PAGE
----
The human face is delicate territory. From the high alpine to the windblown desert, proper face protection is crucial garb in extreme environments to prevent chapped lips, burned corneas, and raw noses.
OuterU’s faceGlove aims to improve on the age-old balaclava options with “the perfect balance of protection, comfort, and weight.”
Made from soft Polartec fleece, the faceGlove covers the entire nose and both cheeks, without covering the nostrils or fogging up goggles, the brand claims. According to OuterU, the faceGlove “weighs nothing and means everything,” and has been tested on the slopes of Everest, K2, and Denali.
According to Smartwool, socks are the most frequently discarded pieces of apparel. I don’t doubt this; they’re notoriously quick to wear out and relatively affordable to replace. Unfortunately, after a handful of uses, it’s out with the old and in with the new.
The problem is, short-lived disposable apparel comes with a massive carbon footprint. While the human race grapples with the prospect of an inhospitable Earth, Smartwool aims to make a positive dent in the problem by making new socks out of old socks.
The Hike Sock has been a Smartwool staple since 1994, so it makes sense that it would also be the brand’s “first circular sock.” Currently, the Second Cut Hike Socks ($22) are made with roughly 24% recycled nylon from old socks (like Soylent Green!). And the brand says it intends to increase that percentage to 100 in future seasons.
KUIU’s rugged PRO Brush Pants ($199) initially launched back in March, and the first batch sold out in a matter of days. Now, in an effort to catch up with demand, the brand restocks its popular puncture-resistant bottoms.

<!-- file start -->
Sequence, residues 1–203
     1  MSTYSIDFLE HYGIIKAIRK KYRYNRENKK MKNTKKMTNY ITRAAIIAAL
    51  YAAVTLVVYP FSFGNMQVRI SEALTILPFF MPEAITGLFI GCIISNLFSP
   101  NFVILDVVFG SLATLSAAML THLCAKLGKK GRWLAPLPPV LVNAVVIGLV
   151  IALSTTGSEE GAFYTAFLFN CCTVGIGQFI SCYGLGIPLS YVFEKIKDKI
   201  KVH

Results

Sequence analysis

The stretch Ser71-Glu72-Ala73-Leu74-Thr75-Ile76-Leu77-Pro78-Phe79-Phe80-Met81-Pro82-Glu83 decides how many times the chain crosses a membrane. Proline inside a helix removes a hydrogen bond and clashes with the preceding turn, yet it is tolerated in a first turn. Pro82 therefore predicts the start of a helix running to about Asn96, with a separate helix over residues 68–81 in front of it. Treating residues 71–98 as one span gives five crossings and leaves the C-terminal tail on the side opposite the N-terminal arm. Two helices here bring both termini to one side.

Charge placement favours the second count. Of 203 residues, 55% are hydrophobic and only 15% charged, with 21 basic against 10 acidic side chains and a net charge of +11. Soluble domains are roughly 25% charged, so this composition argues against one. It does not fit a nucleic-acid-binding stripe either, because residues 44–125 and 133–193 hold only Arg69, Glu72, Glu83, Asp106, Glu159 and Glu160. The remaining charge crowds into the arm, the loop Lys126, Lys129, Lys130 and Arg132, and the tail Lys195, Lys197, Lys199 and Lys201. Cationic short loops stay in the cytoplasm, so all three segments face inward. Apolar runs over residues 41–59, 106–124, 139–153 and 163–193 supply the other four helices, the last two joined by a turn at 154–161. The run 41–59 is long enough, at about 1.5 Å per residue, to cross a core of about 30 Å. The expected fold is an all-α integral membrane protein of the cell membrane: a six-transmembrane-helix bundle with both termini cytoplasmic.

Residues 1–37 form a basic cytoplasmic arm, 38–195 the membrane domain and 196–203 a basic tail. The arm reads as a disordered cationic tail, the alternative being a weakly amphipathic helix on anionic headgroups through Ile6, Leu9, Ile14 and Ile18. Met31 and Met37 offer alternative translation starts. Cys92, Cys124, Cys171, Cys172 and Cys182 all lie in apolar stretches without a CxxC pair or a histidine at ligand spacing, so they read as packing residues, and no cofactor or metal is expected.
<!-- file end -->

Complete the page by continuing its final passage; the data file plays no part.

As usual for KUIU, the Brush Pants are designed specifically for hunting. In my experience, the brand’s exceptional comfort and durability standards transcend any single application. For any sort of bushwhacking — from hunting to foraging to field science — these pants will do the trick.
For ease of movement, the Brush Pants have a gusseted crotch and articulated knees. Removable suspenders and zippered mesh-lined thigh vents add versatility for all conditions.
In 125 years of footwear production, Saucony has never made a hiking boot — until now. From the looks of it, the Ultra Ridge GTX ($190) is worthy of being the brand’s first. In a women’s size 7, a pair of Ultra Ridges weighs a featherlight 1.3 pounds.
As expected, many aspects of Sacuony’s running shoes carry over into the new boots. Underfoot, PWRRUN RB cushioning foam provides springy recoil and protection from jagged trail features. A PWRRUN internal frame adds support through the arch and ankle joint. As for waterproofing, a good old GORE-TEX upper makes the Ultra Ridge well-equipped for deep mud and puddle hopping. Check out our full coverage of the Ultra Ridge GTX launch.
In an age of high-tech hybrid textiles and synthetic fabrics, Ripton & Co. keeps its faith in denim. I’ve worn a handful of the brand’s clothes, and I’m convinced that jean shorts can in fact serve as capable active wear.
The new Cosmic Dirt Jorts are “funky, incognito, and hardcore.” Designed in partnership with inclusive sizing advocates Cosmic Dirt, these jorts come in Ripton’s widest size range to date.
With “54% stretch” and a splash of leopard print, they’re ready-made for “ripping berms and having vampires up fog-cloaked climbs.”
Much like swarming mosquitos and burned marshmallows, insufficient light is a classic part of the camping experience. It’s possible to get by on headlamps and lanterns, but just about every camping trip in history could have used just a little more light.
This portable indoor/outdoor light inflates like a balloon to illuminate large areas up to 5,000 square feet. All packed down, the E-Z UP SKYFUZE fits into a pair of nifty carry bags and weighs just 6 pounds.
The globular SKYFUZE — with its tripod stand and blowup fixture — generates 360-degree light that E-Z UP claims is well-diffused and glare-free. It’s rated IP42, so it’ll survive light rain — plus it comes with a remote control.
Two sizes of the SKYFUZE are available: 60W ($399) and 150W ($549).
I’m not sure what qualifies a pair of shorts as “ultralight,” but Beyond Clothing believes its new Eryx Shorts make the cut. A “technical short” designed for “unrestricted adventure,” these sleek, tapered shorts look to be a fine choice for the glorious summer ahead.
Shorts are meant to be simple, but a few key characteristics set the Eryx apart as worthy activewear. Four-way stretch fabric, a gusseted crotch, and a DWR coating should add up to comfort, durability, and unrestricted movement.